For many people, receiving a job offer means the end of their job search. That said, there are still a few things to consider before signing on the dotted line.
- Total Compensation Package – although salary is an important factor to consider, there are other elements to your compensation package that should be examined. Annual bonuses, for example, could be viewed as optional as they are rarely guaranteed. Medical benefits, for example, should be aligned with your family needs. If not, you may need to ensure that your salary can offset any additional expenses you may incur. If salary is non-negotiable, you may be able to come up with creative solutions such as asking for a signing bonus.
- Commute – likely you would have visited the office location during the interview process. This may well have been during off-peak hours. Consider doing a ‘dry run’ to the office location during rush hour as the commute time might be very different than it was during off-peak hours. If the commute is significantly longer than you anticipated, then you may be able to negotiate a work from home arrangement.
- Travel – another thing to consider is the frequency of travel. It is not typical to have travel stipulations in an employment contract, however, it is important that you are very clear on the level of travel required for the role before you formally accept an offer.
- Hours & Over Time – in some cases, working hours will be stipulated in an employment contract. That said, it may be vague or not explicitly stated. As such, it is important to ensure that you are clear on the expected hours as well as any overtime requirements and/or eligibility.
- Team – ideally, you would have met your future team members during the interview stage. If not, and where possible, ask to meet the team before you accept an offer. Meeting the team will help you assess the culture, advancement opportunities, and working conditions.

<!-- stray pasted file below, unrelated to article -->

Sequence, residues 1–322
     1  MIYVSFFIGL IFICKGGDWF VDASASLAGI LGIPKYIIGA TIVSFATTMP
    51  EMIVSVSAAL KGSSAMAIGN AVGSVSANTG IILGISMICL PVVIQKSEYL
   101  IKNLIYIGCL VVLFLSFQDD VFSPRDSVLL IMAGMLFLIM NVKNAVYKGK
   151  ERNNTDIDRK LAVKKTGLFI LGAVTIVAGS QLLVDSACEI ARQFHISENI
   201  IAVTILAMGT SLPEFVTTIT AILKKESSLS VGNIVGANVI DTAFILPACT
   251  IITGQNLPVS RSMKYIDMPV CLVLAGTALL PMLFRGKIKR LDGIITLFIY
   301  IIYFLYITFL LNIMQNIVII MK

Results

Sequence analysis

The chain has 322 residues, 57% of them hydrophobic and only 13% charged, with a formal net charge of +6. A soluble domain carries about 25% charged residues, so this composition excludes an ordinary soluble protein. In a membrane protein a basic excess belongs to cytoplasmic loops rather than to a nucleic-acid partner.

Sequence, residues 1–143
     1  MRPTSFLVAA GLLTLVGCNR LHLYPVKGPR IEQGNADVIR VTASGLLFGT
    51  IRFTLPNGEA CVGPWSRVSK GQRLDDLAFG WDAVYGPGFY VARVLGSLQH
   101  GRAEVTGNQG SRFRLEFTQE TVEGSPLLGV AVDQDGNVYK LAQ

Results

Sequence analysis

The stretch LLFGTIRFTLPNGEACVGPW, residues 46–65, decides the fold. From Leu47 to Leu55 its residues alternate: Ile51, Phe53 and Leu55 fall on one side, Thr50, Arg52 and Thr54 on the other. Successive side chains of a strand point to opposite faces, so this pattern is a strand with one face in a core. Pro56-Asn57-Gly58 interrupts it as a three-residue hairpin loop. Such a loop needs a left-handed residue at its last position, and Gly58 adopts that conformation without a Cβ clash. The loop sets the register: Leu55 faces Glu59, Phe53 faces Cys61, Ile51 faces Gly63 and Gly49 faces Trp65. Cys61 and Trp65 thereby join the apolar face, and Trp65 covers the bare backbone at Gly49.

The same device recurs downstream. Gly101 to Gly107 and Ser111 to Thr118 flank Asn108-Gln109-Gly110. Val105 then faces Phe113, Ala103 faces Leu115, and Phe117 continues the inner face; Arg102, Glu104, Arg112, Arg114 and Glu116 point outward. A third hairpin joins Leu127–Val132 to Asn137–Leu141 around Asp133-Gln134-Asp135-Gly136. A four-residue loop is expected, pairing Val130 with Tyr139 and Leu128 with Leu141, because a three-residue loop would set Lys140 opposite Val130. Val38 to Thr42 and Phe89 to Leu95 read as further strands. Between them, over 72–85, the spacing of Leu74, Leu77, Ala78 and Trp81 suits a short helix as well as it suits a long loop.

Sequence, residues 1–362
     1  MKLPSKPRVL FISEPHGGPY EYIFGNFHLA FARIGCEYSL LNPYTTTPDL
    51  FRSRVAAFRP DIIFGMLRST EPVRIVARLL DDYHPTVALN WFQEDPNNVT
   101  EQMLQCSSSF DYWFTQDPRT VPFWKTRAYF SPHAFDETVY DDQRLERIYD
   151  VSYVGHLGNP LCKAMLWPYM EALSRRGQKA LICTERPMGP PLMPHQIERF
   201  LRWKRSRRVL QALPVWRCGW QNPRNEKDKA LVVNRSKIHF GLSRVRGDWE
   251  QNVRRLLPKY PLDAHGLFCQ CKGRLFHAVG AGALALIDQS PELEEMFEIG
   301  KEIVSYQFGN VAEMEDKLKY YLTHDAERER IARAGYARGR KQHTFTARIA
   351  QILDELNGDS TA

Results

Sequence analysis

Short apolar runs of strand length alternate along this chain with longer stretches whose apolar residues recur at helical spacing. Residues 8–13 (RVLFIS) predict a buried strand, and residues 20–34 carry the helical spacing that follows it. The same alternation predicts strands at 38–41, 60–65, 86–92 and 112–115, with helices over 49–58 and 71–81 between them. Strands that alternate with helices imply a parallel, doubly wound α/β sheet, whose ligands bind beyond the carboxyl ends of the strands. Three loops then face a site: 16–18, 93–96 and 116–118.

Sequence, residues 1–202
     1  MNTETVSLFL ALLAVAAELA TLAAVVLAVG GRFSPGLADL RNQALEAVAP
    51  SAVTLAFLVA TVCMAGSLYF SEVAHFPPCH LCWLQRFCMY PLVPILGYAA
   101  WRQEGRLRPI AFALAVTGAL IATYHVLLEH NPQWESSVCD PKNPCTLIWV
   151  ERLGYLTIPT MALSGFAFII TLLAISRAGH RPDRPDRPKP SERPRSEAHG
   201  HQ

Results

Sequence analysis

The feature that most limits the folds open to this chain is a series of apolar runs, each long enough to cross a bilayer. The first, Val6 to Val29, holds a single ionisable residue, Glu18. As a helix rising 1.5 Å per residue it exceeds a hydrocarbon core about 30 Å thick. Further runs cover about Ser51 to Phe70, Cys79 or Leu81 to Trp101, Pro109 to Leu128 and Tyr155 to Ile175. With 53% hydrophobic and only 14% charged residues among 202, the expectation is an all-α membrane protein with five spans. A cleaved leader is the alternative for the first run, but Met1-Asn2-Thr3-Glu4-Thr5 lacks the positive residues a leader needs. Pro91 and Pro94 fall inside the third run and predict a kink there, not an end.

When it comes to considering an offer of employment, clarity is key. Not only will you be able to avoid any surprises, but you will also be better able to balance the benefits with the expectations.
Organizations assess candidates through to the time they start working. In that spirit, you too should continue to assess the organization throughout the hiring process. This includes the offer negotiation stage. As such, it is imperative that both parties are honest and reasonable during this stage. In the rare instance that you feel you are not being treated fairly, it is reasonable to decline the offer. Keep in mind, the same holds true for the organization.
I hope you found this post helpful. If you have any additional insights, or would like to share your experience, I’d love to hear from you.
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Until next time, happy hunting!
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